A friend and I were discussing where to have lunch today, and she said she had heard that you shouldn’t eat sushi on a Monday, because fishermen take Sunday off so you’re eating fish at least a day old.
I imagine this likely has to do with where you are, too. I’m in South Florida on the coast, fwiw.
Should one not have sushi on Monday or any other day of the week?
I’ve heard something similar, but much more complicated. First off, the fishermen’s day off ain’t real important; most people don’t live that near the coast, anyway. But most restaurants do not get shipments of food daily. It comes by once or twice a week. So that probably means there are good and bad days.
I didn’t know “sushi-grade” was a USDA term to be honest (is it?), I always thought of it as a culinary term not a legal one.
I wasn’t asking if the US had jurisdiction over the entire world, but if your definition was a commonly accepted one. I can’t seem to find any definition on the web, just a bunch of places claiming their fish is “sushi-grade”.
This Slate article paraphrases a NYTimes article as saying “the USDA even stipulates that most fish destined to be eaten raw must be frozen to inhibit food-borne parasites.” That’s hardly a first-hand cite, but I do remember reading the original NYTimes article as well.
Fishermen don’t work Sundays? That must apply to non-seasonal fish (assuming there is such a thing). I worked the sockeye run in Alaska a couple summers, and we certainly did work Sunday if Fish & Game declared an opening.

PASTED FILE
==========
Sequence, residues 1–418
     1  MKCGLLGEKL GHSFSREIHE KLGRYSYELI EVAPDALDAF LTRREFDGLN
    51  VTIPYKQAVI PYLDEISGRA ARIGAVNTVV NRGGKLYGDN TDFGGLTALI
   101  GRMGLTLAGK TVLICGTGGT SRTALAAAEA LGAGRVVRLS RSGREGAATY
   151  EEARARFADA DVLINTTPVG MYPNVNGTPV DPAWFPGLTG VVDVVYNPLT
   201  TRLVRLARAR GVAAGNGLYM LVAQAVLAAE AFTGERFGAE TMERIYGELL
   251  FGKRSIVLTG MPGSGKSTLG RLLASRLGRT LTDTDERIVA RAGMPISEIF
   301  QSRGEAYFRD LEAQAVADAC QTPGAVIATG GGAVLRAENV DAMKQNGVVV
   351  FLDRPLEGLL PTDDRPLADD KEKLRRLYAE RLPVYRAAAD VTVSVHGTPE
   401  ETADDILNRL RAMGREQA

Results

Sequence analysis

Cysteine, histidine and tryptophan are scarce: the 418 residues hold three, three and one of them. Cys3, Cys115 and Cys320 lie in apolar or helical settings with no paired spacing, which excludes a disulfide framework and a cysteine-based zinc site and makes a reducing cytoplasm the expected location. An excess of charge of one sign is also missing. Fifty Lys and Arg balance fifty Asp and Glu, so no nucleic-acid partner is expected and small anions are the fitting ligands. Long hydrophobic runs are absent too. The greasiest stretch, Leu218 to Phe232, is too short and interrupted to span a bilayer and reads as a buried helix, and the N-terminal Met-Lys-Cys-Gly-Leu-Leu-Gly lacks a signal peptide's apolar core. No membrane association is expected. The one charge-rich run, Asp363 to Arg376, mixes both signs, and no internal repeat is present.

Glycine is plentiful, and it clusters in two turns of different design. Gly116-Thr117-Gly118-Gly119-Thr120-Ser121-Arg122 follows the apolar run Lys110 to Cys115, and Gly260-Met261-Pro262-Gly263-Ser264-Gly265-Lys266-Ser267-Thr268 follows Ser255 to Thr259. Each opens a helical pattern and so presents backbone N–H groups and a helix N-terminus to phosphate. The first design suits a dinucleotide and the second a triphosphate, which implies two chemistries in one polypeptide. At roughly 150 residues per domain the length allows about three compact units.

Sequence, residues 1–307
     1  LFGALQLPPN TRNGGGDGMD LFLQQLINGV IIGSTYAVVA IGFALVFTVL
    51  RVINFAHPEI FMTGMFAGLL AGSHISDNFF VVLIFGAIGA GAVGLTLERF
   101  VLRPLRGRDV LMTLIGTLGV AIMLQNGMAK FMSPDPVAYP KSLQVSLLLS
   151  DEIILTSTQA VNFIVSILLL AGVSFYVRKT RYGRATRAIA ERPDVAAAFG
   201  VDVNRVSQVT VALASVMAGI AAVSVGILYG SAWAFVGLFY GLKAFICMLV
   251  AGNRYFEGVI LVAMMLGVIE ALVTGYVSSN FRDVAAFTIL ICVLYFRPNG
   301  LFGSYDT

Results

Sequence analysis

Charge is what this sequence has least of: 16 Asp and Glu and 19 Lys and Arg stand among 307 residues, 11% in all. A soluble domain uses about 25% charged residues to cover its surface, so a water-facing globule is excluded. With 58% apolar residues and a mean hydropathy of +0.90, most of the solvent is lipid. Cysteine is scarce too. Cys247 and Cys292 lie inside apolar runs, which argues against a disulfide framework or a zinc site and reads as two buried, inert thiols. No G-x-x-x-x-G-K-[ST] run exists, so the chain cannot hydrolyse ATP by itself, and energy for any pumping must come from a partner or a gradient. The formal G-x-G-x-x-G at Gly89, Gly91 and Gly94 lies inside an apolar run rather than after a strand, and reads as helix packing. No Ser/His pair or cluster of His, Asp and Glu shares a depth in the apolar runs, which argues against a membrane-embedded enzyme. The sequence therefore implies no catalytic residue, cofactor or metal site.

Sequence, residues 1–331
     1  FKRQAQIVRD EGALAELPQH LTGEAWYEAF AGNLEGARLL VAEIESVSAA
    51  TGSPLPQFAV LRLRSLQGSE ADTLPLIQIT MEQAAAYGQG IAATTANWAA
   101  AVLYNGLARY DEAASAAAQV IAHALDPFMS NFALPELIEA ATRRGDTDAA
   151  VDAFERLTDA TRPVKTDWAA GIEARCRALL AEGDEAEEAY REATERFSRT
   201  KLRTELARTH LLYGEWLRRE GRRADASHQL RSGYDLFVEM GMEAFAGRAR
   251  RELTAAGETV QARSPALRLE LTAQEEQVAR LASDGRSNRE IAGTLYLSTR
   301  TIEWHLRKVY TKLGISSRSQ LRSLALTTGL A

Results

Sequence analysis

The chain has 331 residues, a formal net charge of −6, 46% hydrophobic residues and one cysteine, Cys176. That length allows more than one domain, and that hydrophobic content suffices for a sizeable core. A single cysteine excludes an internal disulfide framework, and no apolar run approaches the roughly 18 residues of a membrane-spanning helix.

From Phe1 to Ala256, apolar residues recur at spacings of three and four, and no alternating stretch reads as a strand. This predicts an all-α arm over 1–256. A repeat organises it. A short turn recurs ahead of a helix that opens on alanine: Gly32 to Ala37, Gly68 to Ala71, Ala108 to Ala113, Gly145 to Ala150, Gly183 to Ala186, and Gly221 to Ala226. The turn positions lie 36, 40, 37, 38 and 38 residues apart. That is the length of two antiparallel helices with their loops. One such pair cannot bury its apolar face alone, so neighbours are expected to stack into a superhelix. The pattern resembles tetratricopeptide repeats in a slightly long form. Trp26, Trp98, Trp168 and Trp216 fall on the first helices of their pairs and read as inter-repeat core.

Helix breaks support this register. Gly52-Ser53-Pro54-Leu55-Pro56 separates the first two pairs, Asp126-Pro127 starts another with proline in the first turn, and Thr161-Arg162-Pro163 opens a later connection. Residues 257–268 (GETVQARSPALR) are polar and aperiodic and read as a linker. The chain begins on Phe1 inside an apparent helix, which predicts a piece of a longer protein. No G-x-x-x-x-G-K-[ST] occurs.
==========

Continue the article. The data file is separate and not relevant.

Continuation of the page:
There is at least one restaurant in town that prides itself on getting fresh fish flown in daily. They don’t skip Monday, but I don’t eat there often enough to know if there’s some sort of pattern for what is and isn’t served on Mondays.
I confirmed that my friend did hear this via the “Kitchen Confidential” TV show adapted from Tony Bourdain’s book SmackFu mentioned. Likely the ‘Fisherman not working Sundays’ bit was an incorrect memory, and it was either the NYC fish market being closed or simply not getting a fish delivery every day.
I think you’re overly focused on the phrase “sushi grade”. I’m not sure it was being proposed as a formal classification. Whatever they call it, though, my understanding matches what you dug up from the USDA: it’s required that fish to be eaten raw be frozen first. They might not have a formal name for it.
I can’t speak for the rest of the world, but the Tsukiji fish market in Tokyo does indeed close on Sunday. Since the sushi restaurants in the area generally all get their fish from the market the same morning, then it follows that the day to avoid sushi would be Sunday, rather than Monday. However, since 90% of the people in the area are there either because they’re working at a business connected with the fish market or they’re tourists going to see the fish market, most of the sushi restaurants close on Sunday since nobody’s going to be there anyway.
Most fish sold as sushi are not really warm water fish that we get near here. The exception, recently, is grouper. Having caught and cleaned grouper I’d be fairly hesitant to ever eat it any way other than fully cooked.
I also doubt that much commercial fish is sold same day caught anymore. Much more commonly frozen or iced for later sale. Some local exceptions but I’d use that as the rule of thumb.
Not sure of the veracity, but a Japanese sushi chef once told me that sushi should also be handled differently (and thus more expensive) than regular fish. First, should be line caught, not netted. Secondly, care in handling after catch to keep from breaking/bruising the flesh. If anyone here has every worked catching sushi grade fish maybe they can confirm or debunk this.